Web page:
SOLID in Golang: The Dependency Inversion Principle

This is the dependency inversion definition written by Bob. We will use it to understand better. The first is the abstraction property of OOP. We will use concepts and other techniques to discover the behavior we need to implement them. We need to know the differences between high-level and lower-level modules.

In the Go context, high-level modules are software components used on top of an application. It is a layer that adds real business value to the application.

This could be, for example, a struct that contains logic to retrieve data from a database or send an SQS request, retrieve a value from Redis, or submit an HTTP request to an external API. What happens if the high-level component relies on one low-level? Let’s take the following example.

The high-level EmailService is defined in the code above. This structure is part of the application layer and is responsible for emails to newly registered clients. The idea is to have a method, SendRegistrationEmail, where the UserID is necessary. It retrieves the User from UserRepositoryin background and sends it to the email sender service to send the email.

For the moment, EmailSender will be ignored. Let’s concentrate on UserRepository. This structure is part of the infrastructure layer. It shows how the repository connects to the database. So the high-level component, EmailService, depends on the low-level detail, UserRepository.We can only initialize the structure if we have a database connection. Going against a pattern like this has an immediate impact on unit testing in Go, as shown in the following code:

You can’t mock anything in Go. Mocking is based on interfaces. We can declare mocked implementations for interfaces. However, we cannot do the same thing with structs. Because UserRepository is a structure, copying it cannot be done. This situation means that we need to create a lower-layer simulation. We may use the SQLMock package to simulate the Gorm link. However, there are more reliable and efficient methods of testing. Acting on large numbers of SQL queries and understanding the database schema is necessary. Each time the database is modified, we must update the unit test.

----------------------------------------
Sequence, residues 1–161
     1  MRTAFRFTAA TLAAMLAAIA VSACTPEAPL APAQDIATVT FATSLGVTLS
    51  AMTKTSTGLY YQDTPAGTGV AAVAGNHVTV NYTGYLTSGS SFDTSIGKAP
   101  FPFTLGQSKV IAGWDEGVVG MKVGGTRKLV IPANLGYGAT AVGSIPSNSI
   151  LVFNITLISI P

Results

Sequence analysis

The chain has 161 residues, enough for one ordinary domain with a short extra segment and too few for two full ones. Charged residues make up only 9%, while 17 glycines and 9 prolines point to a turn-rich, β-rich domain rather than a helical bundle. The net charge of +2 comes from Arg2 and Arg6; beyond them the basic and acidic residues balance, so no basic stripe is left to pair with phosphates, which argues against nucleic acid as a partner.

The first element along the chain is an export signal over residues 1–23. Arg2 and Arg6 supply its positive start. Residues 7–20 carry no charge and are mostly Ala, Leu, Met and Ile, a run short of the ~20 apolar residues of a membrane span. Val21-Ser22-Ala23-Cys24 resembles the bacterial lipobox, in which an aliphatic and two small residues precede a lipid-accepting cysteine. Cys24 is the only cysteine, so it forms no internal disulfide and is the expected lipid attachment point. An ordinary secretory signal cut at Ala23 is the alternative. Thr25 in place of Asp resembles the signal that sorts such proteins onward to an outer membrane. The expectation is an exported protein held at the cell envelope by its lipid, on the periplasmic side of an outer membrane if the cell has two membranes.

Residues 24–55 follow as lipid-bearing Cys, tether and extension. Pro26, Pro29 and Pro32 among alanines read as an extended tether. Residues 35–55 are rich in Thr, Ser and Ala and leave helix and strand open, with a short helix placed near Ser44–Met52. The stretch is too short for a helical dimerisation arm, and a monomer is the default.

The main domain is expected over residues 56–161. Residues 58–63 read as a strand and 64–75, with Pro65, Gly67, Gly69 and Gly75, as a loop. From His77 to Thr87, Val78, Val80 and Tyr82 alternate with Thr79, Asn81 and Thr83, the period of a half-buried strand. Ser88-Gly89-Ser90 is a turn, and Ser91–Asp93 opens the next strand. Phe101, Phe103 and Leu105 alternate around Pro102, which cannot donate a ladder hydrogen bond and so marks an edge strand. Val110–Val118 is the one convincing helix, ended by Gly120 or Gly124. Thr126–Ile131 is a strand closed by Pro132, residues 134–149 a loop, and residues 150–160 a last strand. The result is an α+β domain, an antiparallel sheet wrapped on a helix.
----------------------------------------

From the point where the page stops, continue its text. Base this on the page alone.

We will also have more trouble with unit testing if we move to Cassandra. Do we plan to provide dispersed storage for customers in the future? If so, there will be lots of refactoring code.

Now we know that a high-level component can rely on a lower level. What about abstractions that are based on details? Look at the code below.

With the new structure of the code, we can see the UserRepositoryinterface as a dependency on the User struct, both in the domain layer. We use UserGorm instead of the Usersstruct. This does not mirror the database schema. The infrastructure layer tops this layer. It has a ToUserfunction that corresponds to the Usersstruct. We use UserGormas, a usage detail inside UserDatabaseRepository, as the actual implementation for UserRepository. Only the UserRepositoryinterface and the User object, both in the domain, are used inside the domain and application classes. We may specify as many UserRepositoryimplementations as we like in the infrastructure. UserFileRepositoryor UserCassandraRepositoryare two options. The high-level component ( MailService ) is dependent on the abstraction. It contains a field of type UserRepository. How does the low-level element depend on the conception?

Go structs implement interfaces automatically. That implies we may add a check using a blank identifier instead of adding code where UserDatabaseRepositoryexplicitly implements UserRepository. This approach makes it easier to manage dependencies. This approach makes it easier to manage dependencies. Interfaces are dependent upon structure. We can build alternative implementations and include these whenever we need to see global dependence changes. There are many libraries available on Go: Facebook Wire and hoac Dingo. Let’s look at it.

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